In his exhibition Im Dom in the Secession’s main gallery, Tillman Kaiser presents mostly new large-format pictures and sculptures.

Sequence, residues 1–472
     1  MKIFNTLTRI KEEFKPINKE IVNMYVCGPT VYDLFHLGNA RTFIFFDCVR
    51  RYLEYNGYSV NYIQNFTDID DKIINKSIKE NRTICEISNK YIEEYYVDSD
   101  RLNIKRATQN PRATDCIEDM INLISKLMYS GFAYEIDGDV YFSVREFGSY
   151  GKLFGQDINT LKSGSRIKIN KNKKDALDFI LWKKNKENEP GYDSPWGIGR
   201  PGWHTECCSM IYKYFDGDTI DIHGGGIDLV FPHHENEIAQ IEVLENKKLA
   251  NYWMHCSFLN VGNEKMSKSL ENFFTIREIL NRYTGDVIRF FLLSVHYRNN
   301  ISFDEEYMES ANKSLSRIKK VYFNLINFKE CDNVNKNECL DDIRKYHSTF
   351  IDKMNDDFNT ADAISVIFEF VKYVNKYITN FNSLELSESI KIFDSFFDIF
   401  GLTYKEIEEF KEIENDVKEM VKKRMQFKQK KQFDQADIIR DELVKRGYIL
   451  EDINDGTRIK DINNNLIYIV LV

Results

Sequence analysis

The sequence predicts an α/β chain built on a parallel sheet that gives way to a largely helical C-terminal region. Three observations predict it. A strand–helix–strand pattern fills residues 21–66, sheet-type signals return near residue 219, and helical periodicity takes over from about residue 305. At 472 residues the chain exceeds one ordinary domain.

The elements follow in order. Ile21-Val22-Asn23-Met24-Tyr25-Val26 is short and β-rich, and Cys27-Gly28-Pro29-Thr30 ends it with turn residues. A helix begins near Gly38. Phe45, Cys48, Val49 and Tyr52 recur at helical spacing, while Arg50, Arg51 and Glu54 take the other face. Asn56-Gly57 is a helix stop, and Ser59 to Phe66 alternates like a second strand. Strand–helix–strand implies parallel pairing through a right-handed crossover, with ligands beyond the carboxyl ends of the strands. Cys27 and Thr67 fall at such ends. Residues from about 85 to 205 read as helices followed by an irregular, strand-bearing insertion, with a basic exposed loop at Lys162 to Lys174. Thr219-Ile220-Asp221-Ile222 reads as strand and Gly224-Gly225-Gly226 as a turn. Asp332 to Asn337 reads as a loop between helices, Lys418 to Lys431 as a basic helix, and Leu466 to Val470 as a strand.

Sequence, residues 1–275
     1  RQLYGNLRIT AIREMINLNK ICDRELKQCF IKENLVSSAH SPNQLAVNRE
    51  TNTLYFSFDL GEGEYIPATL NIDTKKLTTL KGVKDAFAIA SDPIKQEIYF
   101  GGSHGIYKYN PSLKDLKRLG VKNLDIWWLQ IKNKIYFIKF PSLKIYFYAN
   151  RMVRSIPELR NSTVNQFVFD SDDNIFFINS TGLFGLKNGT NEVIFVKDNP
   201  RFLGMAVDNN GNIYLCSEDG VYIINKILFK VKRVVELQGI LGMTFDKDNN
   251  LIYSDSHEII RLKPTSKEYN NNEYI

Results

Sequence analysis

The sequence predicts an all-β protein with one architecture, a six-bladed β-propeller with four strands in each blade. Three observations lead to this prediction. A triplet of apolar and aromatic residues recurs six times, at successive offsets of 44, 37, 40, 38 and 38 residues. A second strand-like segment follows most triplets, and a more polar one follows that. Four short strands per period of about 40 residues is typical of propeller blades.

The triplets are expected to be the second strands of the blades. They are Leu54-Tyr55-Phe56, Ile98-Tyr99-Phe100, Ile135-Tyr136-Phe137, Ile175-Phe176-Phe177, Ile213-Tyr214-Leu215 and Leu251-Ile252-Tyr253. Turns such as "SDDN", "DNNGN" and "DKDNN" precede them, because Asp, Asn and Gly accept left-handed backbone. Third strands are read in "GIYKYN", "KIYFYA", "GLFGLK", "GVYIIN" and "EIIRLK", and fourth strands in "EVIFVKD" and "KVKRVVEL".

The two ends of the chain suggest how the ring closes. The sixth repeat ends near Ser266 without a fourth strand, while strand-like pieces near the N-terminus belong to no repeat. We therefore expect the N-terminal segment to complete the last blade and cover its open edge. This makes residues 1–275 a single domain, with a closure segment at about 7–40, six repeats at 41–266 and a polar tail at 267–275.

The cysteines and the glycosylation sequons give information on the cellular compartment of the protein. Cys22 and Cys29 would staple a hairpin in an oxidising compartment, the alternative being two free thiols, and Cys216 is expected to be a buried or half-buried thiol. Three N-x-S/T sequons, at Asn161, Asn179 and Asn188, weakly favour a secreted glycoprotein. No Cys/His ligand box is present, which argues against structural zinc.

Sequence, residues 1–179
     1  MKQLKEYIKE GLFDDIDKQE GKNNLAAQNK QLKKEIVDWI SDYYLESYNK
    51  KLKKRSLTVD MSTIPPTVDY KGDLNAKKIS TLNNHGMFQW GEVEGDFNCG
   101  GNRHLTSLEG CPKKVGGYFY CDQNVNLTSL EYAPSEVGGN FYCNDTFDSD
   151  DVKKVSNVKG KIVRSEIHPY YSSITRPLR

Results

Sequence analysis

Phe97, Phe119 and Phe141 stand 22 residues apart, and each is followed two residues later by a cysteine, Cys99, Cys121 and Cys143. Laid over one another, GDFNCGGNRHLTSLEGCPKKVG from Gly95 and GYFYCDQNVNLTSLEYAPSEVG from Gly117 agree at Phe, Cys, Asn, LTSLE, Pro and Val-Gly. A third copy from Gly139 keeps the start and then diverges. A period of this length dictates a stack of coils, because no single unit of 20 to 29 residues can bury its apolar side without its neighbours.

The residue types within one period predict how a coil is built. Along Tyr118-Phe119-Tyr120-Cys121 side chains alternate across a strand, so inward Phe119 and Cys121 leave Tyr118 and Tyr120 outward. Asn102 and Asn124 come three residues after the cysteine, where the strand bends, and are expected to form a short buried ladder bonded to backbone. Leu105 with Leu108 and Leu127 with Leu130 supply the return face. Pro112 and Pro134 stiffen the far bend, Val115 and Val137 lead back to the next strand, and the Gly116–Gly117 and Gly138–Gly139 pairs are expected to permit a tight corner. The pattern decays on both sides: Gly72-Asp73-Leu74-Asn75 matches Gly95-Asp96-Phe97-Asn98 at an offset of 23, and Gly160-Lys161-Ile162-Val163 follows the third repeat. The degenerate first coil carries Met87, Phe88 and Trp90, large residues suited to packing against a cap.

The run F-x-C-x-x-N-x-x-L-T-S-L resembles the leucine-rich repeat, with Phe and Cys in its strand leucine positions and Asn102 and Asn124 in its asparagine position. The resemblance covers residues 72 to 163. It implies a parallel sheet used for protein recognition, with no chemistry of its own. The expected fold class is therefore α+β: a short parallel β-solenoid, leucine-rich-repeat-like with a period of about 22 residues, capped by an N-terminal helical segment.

As the artist sees it, a church or cathedral is not a functional structure; synthesizing diverse arts—architecture, sculpture, and painting—it possesses a beauty that is an end in itself. With a nod to the Kantian idea of disinterested pleasure, Kaiser argues that all art—his, certainly—aspires to beauty in this sense. Made in the studio, his work does not depend on the interaction with a specific exhibition site. And yet the half-laconic, half-ironic title he has chosen for his show, which translates as In the Cathedral, transplants us into an ecclesiastical space and hints at the possibility of a spiritual experience. It is a deft stratagem, drawing a connection between the Secession—conceived at the dawn of modernism as a total work of art and “temple” of beauty—and his own oeuvre while questioning the institution’s status and signaling critical distance.

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